Encouraging Your Child to Practice Good Dental Health

Jul 22, 2013

Though we all love our kids, taking care of them isn’t always easy — and that’s especially true when it comes to ensuring our children practice good dental health. While getting your child excited about taking care of their teeth and practicing good oral hygiene can be difficult, there are many things you can do to assure your child’s dental health is at its peak, at the same time guaranteeing a future of great oral hygiene habits.

Encouraging Your Child to Practice Good Dental Health

  • Start Early — A common mistake many parents make is to assume that baby teeth don’t matter. This is far from the truth. Not only can poor dental care in youth lead to more severe problems later on, it also reinforces an idea that not taking care of your teeth is okay to young children. By bringing your child to the dentist and requiring them to brush and floss from a young age, you begin to build important habits into their daily regimen so early, that they’ll never even remember not flossing and brushing.

  • Don’t Bribe or Use Rewards — Though it can be tempting to do so, don’t try and encourage good dental hygiene through material rewards such as money or toys. Likewise, don’t tell a fussy child you’ll take them to the toy store if they get through the appointment without whining. While these might be good short term solutions, they don’t set a good precedent for a child’s dental regimen. Children will begin associating good dental hygiene behavior with a material reward, which isn’t a good precedent to set. Instead, encourage your child for their bravery, or give them a small reward once in a while, but don’t make gifts or a one-time bonus to an allowance the norm.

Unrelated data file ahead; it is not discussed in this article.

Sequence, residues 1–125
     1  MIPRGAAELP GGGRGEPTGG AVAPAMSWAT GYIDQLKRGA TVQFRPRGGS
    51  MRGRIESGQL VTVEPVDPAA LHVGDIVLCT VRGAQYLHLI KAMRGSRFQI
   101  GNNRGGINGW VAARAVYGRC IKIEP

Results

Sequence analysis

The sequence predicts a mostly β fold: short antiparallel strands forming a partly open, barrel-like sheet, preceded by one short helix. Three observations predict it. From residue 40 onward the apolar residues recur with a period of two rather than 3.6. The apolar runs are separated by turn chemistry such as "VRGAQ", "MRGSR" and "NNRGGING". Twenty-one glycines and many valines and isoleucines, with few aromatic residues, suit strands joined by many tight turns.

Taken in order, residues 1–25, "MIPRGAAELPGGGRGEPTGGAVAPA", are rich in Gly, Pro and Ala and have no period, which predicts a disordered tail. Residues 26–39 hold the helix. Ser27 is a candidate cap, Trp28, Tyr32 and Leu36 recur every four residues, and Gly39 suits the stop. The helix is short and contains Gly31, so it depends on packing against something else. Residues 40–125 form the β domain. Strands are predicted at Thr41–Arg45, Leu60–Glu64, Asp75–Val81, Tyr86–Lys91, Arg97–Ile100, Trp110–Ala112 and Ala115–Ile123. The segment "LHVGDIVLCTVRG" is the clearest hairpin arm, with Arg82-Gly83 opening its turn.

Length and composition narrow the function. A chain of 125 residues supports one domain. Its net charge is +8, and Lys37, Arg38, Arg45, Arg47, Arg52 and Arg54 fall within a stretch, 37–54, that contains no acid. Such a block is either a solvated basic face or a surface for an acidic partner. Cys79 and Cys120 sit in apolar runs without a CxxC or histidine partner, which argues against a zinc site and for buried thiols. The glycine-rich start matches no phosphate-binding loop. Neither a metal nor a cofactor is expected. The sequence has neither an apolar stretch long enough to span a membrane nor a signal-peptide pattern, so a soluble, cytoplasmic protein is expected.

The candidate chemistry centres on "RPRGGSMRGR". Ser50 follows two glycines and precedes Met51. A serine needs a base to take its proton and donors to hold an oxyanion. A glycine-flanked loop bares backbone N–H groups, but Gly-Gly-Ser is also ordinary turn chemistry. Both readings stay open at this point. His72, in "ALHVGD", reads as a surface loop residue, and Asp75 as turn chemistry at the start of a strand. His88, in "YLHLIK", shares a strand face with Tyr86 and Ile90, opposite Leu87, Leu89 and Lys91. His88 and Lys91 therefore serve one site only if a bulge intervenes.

• Set a Good Example — The fact of the matter is, your children look up to you, and you can set a bad example for them if you’re not doing your job, too. If you take your child with you to the dentist for your appointment, and you’re the one complaining, then it seems hypocritical to ask your child not to be fussy at the dentist. Likewise, if you’re coming home with several cavities, you’re not setting the best example for your child to take care of their teeth.

There are many steps you can take to encourage your child to form good habits both at home and at the dentist, these are just a few. If you have any other questions about starting your child on the best path to good dental hygiene, or would like to schedule an appointment with Dr. Jahangiri, contact Noble Smile Family & Cosmetic Dentistry today!

Skip to content